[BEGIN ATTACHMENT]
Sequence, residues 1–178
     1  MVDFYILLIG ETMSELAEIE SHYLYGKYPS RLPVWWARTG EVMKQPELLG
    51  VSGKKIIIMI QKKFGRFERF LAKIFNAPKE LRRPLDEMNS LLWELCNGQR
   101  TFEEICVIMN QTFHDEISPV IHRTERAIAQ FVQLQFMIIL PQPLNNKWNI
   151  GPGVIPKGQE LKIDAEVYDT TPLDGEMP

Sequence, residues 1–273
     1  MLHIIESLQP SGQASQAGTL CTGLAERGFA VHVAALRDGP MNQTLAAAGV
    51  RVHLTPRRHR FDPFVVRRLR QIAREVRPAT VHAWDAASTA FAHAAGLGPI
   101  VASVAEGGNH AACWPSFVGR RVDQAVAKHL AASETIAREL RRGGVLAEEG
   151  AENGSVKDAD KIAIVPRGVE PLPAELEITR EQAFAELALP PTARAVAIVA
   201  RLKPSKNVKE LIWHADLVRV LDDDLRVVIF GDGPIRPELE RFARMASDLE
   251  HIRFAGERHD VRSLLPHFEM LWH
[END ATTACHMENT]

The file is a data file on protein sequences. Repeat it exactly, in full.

Sequence, residues 1–178
     1  MVDFYILLIG ETMSELAEIE SHYLYGKYPS RLPVWWARTG EVMKQPELLG
    51  VSGKKIIIMI QKKFGRFERF LAKIFNAPKE LRRPLDEMNS LLWELCNGQR
   101  TFEEICVIMN QTFHDEISPV IHRTERAIAQ FVQLQFMIIL PQPLNNKWNI
   151  GPGVIPKGQE LKIDAEVYDT TPLDGEMP

Sequence, residues 1–273
     1  MLHIIESLQP SGQASQAGTL CTGLAERGFA VHVAALRDGP MNQTLAAAGV
    51  RVHLTPRRHR FDPFVVRRLR QIAREVRPAT VHAWDAASTA FAHAAGLGPI
   101  VASVAEGGNH AACWPSFVGR RVDQAVAKHL AASETIAREL RRGGVLAEEG
   151  AENGSVKDAD KIAIVPRGVE PLPAELEITR EQAFAELALP PTARAVAIVA
   201  RLKPSKNVKE LIWHADLVRV LDDDLRVVIF GDGPIRPELE RFARMASDLE
   251  HIRFAGERHD VRSLLPHFEM LWH